Palm Beach Post – Oct 22, 2005 – Carlos FrÃƒÂas – Merril Hoge’s fears were fading. He was working out again, running, lifting weights. Concussions had ended his NFL career and put his future health in jeopardy. But a year after the hit that finally put him out of football, he was having doubts about his retirement.
He looked in the mirror, saw his 30-year-old face and physiqueâ€? the body of a former running back for the Chicago Bears and Pittsburgh Steelersâ€? and thought, “I can still play.”
He had not forgotten his doctors’ warnings. After suffering four concussions in five weeks in 1994 with the Bears, he was left with permanent damage. Bright lights caused pounding headaches. The bruises on his brain caused anxiety and paranoia for weeks. For a time, he couldn’t remember his wife’s and daughter’s names, much less his home telephone number.
“The next hit could leave me…” He paused.
In a vegetative state?
“If I was lucky,” he continued. “It could be fatal. Not even in a game. In practice.”
But Hoge wanted to play again. He needed to play again.
He understands what’s driving Tedy Bruschi, the New England Patriots linebacker who made a surprising return to the practice field this week nine months after suffering a stroke.
Bruschi temporarily lost his vision and was numb along the left side of his body when he was stricken just 10 days after the Patriots’ Super Bowl win against Philadelphia. Health, Bruschi said, was his first priority, but he never truly accepted the possibility of not playing again.
“There were times, in my mind, I thought I was done,” he told The Associated Press. “If I could express to you what this means to me (to return), I would, but I don’t know if I really can.”
Doctors have cleared Bruschi, telling him the condition should not keep him from playing.
Doctors big part of decisions
Hoge wasn’t as fortunate. He called Dr. Joe Maroon, the neurosurgeon who had denied him a medical clearance, to ask if there was a chance he could return to the field.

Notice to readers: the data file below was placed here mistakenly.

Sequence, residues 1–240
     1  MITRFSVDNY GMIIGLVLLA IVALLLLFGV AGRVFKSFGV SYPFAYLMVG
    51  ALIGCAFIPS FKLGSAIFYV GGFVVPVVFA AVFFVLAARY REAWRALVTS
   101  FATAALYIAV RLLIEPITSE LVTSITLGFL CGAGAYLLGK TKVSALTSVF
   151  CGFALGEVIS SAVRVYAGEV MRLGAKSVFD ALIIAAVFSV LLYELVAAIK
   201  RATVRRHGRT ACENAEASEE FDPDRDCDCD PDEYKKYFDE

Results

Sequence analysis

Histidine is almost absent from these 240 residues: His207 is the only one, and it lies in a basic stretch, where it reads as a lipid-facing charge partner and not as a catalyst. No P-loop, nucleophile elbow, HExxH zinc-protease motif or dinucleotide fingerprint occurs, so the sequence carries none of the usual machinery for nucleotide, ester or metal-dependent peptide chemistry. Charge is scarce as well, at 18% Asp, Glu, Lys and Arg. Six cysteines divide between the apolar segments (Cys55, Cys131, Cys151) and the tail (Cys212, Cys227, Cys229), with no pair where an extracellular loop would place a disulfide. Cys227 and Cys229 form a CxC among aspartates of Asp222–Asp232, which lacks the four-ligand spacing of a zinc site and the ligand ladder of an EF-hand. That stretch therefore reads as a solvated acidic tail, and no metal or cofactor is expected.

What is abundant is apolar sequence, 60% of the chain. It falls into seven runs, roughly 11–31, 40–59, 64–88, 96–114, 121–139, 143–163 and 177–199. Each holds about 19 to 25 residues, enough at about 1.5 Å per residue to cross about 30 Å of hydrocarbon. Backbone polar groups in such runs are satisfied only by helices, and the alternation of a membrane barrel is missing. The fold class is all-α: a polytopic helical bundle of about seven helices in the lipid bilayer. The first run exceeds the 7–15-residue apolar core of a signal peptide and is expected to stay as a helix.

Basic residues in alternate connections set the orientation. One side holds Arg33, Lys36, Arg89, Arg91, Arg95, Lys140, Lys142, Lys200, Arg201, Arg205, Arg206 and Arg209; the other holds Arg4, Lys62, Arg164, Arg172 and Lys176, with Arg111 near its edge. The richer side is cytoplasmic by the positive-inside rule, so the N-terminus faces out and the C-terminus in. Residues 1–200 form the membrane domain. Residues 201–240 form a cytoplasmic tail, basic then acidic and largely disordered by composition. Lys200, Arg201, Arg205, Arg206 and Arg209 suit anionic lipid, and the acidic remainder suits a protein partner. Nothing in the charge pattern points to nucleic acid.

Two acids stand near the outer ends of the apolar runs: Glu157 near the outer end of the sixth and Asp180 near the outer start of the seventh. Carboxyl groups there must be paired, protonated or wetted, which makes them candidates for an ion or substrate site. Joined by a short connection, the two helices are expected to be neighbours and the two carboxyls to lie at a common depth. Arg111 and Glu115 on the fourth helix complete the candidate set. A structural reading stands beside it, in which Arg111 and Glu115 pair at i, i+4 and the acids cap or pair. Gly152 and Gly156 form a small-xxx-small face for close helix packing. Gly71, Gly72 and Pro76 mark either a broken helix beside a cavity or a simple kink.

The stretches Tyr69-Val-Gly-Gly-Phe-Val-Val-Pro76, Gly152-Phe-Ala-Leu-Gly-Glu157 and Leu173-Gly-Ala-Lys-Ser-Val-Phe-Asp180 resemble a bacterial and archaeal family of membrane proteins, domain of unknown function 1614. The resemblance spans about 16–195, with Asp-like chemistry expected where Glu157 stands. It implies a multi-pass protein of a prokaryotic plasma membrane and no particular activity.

“It was sinking in, the reality of not being able to play again. I needed confirmation,” said Hoge, now an NFL analyst for ESPN. “You get better, you get healthy, and you tend to forget how long the season is, how physical it is.”
Maroon, who still works with the Steelers, put it simply:
” ‘Merril, I’m sure. I’m positive,’ ” Hoge remembers the doctor saying. “It was not easy for him, either, because I was at the top of my career.
“But he said, ‘I could not lay my head down at night knowing I let you go back and play.’ ”
Bruschi and the Patriots are confident that he is healthy enough to return.
Doctors found the problem and fixed it: a tiny hole in his heart that caused poor blood flow to his brain.
Some stroke victims are always at risk for a relapse, but Bruschi should not be one of them, said Dr. James Goldenberg, a neurologist at JFK Medical Center in Atlantis and a spokesman for the American Stroke Association.
“This is an example of something that can be fixed,” Goldenberg said. “Playing football, despite that very physical contact, shouldn’t put him at risk in the future.”
Still, when it comes to risk, elite athletes often have a difficult time walking away from their game.
Most will exhaust all medical opinions, undergo all possible surgeries, endure chronic pain, and sometimes even take risks to continue playing the sport that, in many ways, made them who they are.
“They see themselves as athletes and only athletes,” said Dr. John Murray, a Palm Beach Gardens-based sports psychologist.